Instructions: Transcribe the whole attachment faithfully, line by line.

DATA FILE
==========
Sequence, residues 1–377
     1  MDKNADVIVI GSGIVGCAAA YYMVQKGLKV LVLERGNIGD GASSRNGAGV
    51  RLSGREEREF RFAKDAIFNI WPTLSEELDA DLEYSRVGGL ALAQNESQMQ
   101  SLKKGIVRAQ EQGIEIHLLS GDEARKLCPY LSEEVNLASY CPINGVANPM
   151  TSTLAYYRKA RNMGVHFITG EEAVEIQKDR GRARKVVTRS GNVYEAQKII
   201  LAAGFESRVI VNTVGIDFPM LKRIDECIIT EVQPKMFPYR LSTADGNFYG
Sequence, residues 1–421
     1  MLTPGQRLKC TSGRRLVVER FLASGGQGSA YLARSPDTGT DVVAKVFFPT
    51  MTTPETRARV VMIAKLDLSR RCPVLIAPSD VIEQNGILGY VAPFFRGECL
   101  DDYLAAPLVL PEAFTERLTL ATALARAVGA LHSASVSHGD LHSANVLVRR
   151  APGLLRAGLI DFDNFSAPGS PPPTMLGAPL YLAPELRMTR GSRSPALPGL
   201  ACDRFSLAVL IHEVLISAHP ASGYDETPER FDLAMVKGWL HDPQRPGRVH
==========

Sequence, residues 1–377
     1  MDKNADVIVI GSGIVGCAAA YYMVQKGLKV LVLERGNIGD GASSRNGAGV
    51  RLSGREEREF RFAKDAIFNI WPTLSEELDA DLEYSRVGGL ALAQNESQMQ
   101  SLKKGIVRAQ EQGIEIHLLS GDEARKLCPY LSEEVNLASY CPINGVANPM
   151  TSTLAYYRKA RNMGVHFITG EEAVEIQKDR GRARKVVTRS GNVYEAQKII
   201  LAAGFESRVI VNTVGIDFPM LKRIDECIIT EVQPKMFPYR LSTADGNFYG
Sequence, residues 1–421
     1  MLTPGQRLKC TSGRRLVVER FLASGGQGSA YLARSPDTGT DVVAKVFFPT
    51  MTTPETRARV VMIAKLDLSR RCPVLIAPSD VIEQNGILGY VAPFFRGECL
   101  DDYLAAPLVL PEAFTERLTL ATALARAVGA LHSASVSHGD LHSANVLVRR
   151  APGLLRAGLI DFDNFSAPGS PPPTMLGAPL YLAPELRMTR GSRSPALPGL
   201  ACDRFSLAVL IHEVLISAHP ASGYDETPER FDLAMVKGWL HDPQRPGRVH